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425/Math. 425. Introduction to Probability. Math. 215, 255, or 285. (3). (MSA). (BS).
Sections 001 and 004 Sample spaces and axiomatic probability; elementary combinatorics; conditional probability and independence; random variables; probability distributions, including binomial, Poisson, Gamma, and normal; expectation, mean and variance; moment generating functions; the law of large numbers; central limit theorem. Cost:2 WL:3

Sections 003 and 005 See Mathematics 425.
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426. Introduction to Mathematical Statistics. Stat. 425. (3). (MSA). (BS).
This course covers the basic ideas of statistical inference, including sampling distributions, estimation, confidence intervals, hypothesis testing, regression, analysis of variance, nonparametric testing, and Bayesian inference. The sequence of Statistics 425/426 serves as a prerequisite for more advanced Statistics courses. Weekly problem sets, two hourly exams, and one final exam. Cost:2 or 3 WL:3 (Jeganathan)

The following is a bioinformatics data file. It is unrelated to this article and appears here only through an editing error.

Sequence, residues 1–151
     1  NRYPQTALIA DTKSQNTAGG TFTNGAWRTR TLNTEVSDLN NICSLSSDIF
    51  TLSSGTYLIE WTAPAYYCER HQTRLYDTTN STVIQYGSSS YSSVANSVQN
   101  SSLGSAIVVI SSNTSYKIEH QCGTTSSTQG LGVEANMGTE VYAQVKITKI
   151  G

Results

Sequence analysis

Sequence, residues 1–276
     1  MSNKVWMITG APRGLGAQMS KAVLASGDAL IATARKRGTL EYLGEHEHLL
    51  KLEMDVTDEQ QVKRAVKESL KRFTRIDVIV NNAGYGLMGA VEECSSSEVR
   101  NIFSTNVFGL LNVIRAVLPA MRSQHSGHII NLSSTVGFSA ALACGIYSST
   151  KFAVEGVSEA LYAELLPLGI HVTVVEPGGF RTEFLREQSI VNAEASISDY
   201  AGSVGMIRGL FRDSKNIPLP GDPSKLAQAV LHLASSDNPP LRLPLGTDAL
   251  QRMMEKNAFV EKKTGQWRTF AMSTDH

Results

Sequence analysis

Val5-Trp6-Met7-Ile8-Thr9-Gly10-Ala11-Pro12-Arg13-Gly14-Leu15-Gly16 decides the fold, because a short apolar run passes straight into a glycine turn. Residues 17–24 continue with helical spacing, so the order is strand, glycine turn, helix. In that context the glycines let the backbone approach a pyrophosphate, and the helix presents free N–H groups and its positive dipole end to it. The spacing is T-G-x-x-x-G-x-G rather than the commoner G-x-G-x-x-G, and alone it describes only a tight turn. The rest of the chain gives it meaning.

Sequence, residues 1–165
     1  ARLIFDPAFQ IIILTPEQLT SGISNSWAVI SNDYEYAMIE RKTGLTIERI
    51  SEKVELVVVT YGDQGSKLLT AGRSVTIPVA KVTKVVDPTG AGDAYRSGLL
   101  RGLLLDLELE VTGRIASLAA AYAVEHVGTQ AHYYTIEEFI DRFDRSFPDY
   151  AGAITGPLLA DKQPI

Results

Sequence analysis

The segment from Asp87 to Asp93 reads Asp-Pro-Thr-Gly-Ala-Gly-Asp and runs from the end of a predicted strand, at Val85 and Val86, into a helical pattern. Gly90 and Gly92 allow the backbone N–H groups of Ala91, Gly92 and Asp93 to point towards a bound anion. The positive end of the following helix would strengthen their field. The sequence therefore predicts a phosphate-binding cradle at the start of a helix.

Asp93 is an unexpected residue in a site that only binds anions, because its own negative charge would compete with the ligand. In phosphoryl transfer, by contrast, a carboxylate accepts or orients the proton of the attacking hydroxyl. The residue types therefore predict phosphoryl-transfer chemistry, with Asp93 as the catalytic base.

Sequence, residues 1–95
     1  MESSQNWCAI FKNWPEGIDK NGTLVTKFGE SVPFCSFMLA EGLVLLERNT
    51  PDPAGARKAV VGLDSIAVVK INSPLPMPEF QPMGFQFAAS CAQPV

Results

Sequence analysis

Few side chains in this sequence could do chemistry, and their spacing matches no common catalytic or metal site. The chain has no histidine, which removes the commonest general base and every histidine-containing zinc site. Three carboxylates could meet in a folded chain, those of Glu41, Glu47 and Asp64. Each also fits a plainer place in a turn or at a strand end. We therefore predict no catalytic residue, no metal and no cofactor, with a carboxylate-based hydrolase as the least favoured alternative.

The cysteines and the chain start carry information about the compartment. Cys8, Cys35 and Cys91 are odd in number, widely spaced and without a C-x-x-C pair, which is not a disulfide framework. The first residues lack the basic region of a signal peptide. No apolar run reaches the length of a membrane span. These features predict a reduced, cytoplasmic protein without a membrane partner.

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466/IOE 466/Manufacturing 466. Statistical Quality Control. Stat. 265 or 311. (3). (Excl). (BS).
Design and analysis of procedures for forecasting and control of production processes. Topics include: attribute and variables sampling plans; sequential sampling plans; rectifying control procedures; charting, smoothing, forecasting, and prediction of discrete time series. Cost:2 WL:3 (Herrin)
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470. Experimental Design. Stat. 402. (4). (Excl). (BS).